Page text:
“July Rising” — a film written, directed, produced, edited by, and starring a slew of Colorado College graduates — has taken flight. The film is the creative output of a group of CC students, graduates, and staff, including Robert Mahaffie ’15. Premiering at the 23rd Sonoma International Film Festival in March, it won the Stolman Award for Best American Indie Feature film.
A film and media studies major at CC, Mahaffie taught the Advanced Filmmaking class in Block 8 of last year. After graduating CC, he worked as a paraprofessional for the Film and Media Studies Department, and CC’s Office of Communications, before moving to Los Angeles to work full-time in the film industry. Now, with teaching a block under his belt, he says he’s literally “done everything possible at CC that is related to film!”
“July Rising” all started as the thesis screenplay of Chauncey Crail ’17, Mahaffie explains.
“It was something that he’d been developing for two years by that point. Before he turned in a final script, we’d started casting roles for the film.”
Over the course of the summer of 2017, the project took shape, with Crail and Mahaffie as the lead producers. Casting calls were held in Denver, Los Angeles, Colorado Springs, and San Francisco. In order of appearance in the film, a total of 17 CC graduates appear as cast members: Joshua Zambrano ’18, Doron JéPaul Mitchell ’14, Elle Gannon ’18, Will Stockton ’19, Thomas Crandall ’16, Robert Mahaffie ’15, Ben Coldwell ’17, Julia Greene ’19, Lauren Antonoff ’15, Madeline Ng ’20, Anna Lynn-Palevsky ’18, Grace Powell ’18, Lucy Houlihan ’18, Sophia Capp ’17, Nick Merritt ’19, James Ryan Dinneen ’16, and Charlie Theobald ’17.
The film tells the story of 16-year-old Andy, orphaned after the death of her grandfather, who works to save her family pear orchard. Her aunt tries to get her to return to the city, but Andy is determined to stay and retain the land.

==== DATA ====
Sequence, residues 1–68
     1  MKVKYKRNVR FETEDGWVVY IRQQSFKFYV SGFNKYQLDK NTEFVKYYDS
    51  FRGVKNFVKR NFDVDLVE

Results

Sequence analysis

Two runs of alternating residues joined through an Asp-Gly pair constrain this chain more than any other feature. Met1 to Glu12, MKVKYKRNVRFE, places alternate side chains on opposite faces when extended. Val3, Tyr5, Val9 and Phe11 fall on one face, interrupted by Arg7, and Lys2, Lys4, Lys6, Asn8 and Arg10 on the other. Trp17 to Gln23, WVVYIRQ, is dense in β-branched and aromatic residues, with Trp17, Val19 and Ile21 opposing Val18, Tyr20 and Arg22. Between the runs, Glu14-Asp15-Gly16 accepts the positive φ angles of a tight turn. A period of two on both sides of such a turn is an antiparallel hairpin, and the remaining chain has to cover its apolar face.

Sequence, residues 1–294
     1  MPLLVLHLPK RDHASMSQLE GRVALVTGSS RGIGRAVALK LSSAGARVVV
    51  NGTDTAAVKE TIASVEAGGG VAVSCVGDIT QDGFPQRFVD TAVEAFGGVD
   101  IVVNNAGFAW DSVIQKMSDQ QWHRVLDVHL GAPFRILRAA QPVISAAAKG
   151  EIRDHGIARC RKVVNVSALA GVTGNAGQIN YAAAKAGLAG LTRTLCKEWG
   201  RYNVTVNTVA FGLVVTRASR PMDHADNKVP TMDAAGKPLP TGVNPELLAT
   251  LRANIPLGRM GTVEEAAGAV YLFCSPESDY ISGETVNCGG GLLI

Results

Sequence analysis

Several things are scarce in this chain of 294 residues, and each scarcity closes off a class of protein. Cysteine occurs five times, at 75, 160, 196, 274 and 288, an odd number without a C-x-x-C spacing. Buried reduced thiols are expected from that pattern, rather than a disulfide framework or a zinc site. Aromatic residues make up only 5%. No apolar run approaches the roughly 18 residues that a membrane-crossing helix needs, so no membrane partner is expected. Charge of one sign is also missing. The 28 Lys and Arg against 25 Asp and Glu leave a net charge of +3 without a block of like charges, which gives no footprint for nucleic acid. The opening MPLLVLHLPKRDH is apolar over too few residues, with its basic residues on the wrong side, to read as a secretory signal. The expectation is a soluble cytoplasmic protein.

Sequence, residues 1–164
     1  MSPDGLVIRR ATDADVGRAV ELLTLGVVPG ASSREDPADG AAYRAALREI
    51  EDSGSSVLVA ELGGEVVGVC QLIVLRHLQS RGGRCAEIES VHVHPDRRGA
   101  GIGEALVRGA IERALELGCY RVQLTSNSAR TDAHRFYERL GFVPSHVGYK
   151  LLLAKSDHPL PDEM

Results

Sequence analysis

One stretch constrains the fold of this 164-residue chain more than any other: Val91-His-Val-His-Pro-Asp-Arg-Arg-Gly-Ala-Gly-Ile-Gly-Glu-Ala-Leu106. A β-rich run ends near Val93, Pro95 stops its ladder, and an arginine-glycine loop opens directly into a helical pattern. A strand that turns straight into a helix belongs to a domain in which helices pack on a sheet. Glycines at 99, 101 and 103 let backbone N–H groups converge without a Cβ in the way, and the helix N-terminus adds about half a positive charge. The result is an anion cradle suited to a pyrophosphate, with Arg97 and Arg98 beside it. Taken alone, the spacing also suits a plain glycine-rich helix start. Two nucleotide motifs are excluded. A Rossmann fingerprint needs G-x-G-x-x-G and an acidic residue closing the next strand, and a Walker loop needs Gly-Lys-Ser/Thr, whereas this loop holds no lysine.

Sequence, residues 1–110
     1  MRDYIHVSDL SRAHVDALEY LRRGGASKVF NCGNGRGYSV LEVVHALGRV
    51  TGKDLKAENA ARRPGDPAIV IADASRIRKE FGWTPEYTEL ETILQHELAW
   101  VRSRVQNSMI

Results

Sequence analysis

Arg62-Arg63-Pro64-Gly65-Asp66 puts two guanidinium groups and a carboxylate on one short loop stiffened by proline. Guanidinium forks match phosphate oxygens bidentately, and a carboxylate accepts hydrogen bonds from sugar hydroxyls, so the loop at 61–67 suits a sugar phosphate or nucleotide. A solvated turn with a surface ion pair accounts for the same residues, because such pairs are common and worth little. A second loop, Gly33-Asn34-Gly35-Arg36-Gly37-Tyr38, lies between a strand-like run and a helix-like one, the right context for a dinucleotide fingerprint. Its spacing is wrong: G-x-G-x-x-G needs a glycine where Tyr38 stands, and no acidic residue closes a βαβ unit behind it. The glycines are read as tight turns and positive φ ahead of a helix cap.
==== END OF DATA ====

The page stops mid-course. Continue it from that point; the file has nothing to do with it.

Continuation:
“She’s working to save the orchard from money issues, alone, while also trying to work out who she is. She’s also a woman in a male-dominated world, so she’s got a huge fight on her hands,” Mahaffie explains.
Using their CC film connections, Crail and Mahaffie immediately involved Houlihan and Greene as co-producers, before starting a location scouting trip. With locations found, the team grew to include Crandall as cinematographer, Theobald as the film’s sound recordist, Stockton as the digital imaging technician, Zambrano as chief grip and electric supervisor, and Coldwell as the assistant camera and second assistant director.
Filming started on July 26, 2017, and wrapped up on August 21 of the same summer.
“Everyone was doing four or five jobs at once. I was a set designer, props manager, and managed all the vehicles on set, as well as a producer,” says Mahaffie.
After initial shooting, the team hired Meredith Mantik ’11 to edit the film; she’d been working in Los Angeles as an editor since attending the National Film and Television School in the UK for her master’s. With her edits, the team knew what holes they had to fill, bringing them back to their alma mater in late 2017 into early 2018.
“The Colorado Springs shooting was amazing,” says Mahaffie. “With CC’s blessing, we used a lot of locations on campus like the Bemis kitchen, the Cornerstone studio space, and around the campus area too.”
The finishing of the film took most of the next year, with Dinneen as the soundtrack composer. Chris Bittner, CC’s digital arts and media technology director, and his students worked on the sound mixing.
With the film complete, the question of “What now?” came to the fore.
“We always wanted to submit to festivals, but we had to work on which ones to target to be well received,” explains Mahaffie. Narrowing down took time, with Crail, Mahaffie, and Houlihan deciding on festivals due to their location, film community inclusion, and the festival’s focus.
The film premiered at the Sonoma International Film Festival, March 27-29, 2019.
“The Sonoma festival is about food and wine, with a heavy focus on strong filmmaking, so our agricultural and local themes matched well,” Mahaffie says. “We were able to bring our cast and crew to the premiere, which allowed us to reconnect the film with the local community — and then we won!”
“It was incredible,” says Mahaffie. “The success was gratifying, but it also allowed our cast and crew to connect with more directors, talent agents, and people in the film world — that was an unforeseen bonus of the experience — the professional networking development.”